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MIRAGE: Measuring Shanghai's air pollution

Factories on the shores of the lower Yangtze River in China.

Factories line the shores of the lower Yangtze River in China. Heavy pollution tied to China's rapid industrial growth has produced poor visibility and health effects and has pushed China past the United States in total emissions of carbon dioxide.

In 2006, a team of NCAR researchers convened in Mexico City for MIRAGE (Megacity Impacts on Regional and Global Environments), a study of the chemical and physical transformation of air pollution in urban areas and its impact on air quality, ecosystems, and climate.

Another MIRAGE field campaign kicks off this month, this time in Shanghai, China's largest city. The three-week project is the first of a series of campaigns, with researchers currently looking at ozone formation. A larger campaign being planned for May 2011 is expected to include participants from a larger number of U.S. and Chinese universities. It will focus on interactions between regional ecosystems and large cities and the impact of economic development on the atmosphere.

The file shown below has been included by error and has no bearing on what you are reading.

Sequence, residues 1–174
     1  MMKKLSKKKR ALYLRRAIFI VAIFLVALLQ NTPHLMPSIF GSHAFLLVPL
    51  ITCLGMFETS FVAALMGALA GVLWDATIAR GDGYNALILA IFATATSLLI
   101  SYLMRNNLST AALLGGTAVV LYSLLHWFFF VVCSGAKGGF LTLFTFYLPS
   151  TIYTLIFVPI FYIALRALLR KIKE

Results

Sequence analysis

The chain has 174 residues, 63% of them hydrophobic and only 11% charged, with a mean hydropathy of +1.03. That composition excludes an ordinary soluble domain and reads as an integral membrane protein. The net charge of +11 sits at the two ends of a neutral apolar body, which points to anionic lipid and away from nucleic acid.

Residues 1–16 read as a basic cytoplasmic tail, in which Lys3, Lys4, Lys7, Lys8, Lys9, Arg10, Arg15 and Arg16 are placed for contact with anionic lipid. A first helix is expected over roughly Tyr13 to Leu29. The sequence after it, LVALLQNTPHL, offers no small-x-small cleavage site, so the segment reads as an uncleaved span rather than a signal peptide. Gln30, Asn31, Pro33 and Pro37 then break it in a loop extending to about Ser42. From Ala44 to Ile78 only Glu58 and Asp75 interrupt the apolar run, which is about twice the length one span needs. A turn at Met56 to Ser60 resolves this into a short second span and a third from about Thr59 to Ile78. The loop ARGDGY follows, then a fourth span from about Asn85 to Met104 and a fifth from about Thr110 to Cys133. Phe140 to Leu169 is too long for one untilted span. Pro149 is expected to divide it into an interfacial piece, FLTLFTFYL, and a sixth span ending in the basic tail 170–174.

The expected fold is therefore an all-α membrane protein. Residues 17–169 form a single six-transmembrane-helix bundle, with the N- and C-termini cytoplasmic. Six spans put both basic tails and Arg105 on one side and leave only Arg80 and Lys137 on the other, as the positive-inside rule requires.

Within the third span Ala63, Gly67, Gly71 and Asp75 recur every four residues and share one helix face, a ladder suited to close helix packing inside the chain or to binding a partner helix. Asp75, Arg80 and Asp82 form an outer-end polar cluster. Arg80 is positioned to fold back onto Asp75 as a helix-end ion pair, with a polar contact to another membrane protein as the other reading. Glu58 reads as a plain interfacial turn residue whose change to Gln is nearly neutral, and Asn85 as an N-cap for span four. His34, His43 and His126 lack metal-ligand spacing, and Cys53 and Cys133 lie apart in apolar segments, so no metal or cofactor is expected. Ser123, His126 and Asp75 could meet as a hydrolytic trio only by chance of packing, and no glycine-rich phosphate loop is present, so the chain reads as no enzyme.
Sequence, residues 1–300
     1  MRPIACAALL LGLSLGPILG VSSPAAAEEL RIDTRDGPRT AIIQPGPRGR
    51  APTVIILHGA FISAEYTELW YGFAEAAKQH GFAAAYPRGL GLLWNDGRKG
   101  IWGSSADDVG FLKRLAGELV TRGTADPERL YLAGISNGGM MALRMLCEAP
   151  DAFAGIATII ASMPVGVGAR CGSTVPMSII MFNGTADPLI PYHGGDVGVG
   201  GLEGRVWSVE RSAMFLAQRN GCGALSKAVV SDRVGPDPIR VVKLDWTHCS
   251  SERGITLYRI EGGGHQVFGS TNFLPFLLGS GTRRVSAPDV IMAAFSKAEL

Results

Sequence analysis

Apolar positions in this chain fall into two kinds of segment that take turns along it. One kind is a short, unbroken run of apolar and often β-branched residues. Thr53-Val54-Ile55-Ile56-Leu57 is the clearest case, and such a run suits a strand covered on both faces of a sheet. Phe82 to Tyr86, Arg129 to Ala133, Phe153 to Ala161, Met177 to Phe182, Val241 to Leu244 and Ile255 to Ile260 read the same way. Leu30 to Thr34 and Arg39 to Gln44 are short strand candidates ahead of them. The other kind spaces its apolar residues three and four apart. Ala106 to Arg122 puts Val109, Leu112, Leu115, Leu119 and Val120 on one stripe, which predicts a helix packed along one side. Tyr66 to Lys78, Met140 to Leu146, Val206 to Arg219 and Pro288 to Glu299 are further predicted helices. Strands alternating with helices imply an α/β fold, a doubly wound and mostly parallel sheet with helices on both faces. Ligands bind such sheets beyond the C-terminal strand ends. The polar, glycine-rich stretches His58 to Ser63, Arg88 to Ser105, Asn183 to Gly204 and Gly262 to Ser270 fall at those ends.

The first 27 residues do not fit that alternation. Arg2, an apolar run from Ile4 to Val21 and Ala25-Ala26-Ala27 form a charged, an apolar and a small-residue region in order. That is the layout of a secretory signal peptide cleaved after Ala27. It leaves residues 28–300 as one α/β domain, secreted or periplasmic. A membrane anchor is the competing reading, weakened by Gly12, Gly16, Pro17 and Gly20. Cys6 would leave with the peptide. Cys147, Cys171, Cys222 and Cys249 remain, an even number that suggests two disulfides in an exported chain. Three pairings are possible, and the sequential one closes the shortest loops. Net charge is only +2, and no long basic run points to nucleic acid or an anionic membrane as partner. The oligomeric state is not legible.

Shanghai provides scientists with an ideal site for studying how the transition from a developing to developed economy affects urban environments. With about 20 million inhabitants, the city has almost doubled in population in the last 20 years. Like other cities in eastern China, Shanghai experiences severe air pollution, with aerosol concentrations often measuring four to five times higher than in American cities. The region is also heavily reliant on coal burning for energy, which affects the chemistry of ozone production. It is surrounded by a cluster of large cities that are expected to grow into mega cities of their own.

The researchers will establish a network of measurements in Shanghai to study ozone and its precursors. Some of their goals include applying and evaluating WRF-Chem (the Weather Research and Forecasting coupled with a model for air quality and chemistry), developing a chemical weather forecasting system for Shanghai, and studying oxidant and aerosol processes at the urban to regional transition.

"Eastern China is a very important region for studying the impacts of air pollutants on air quality and climate on not only regional but also global scales," says NCAR scientist Xuexi Tie. "However, there is a lack of comprehensive studies in the region. The planned field campaigns will provide important information for a better understanding of the influences of the growth of megacities on atmospheric environments."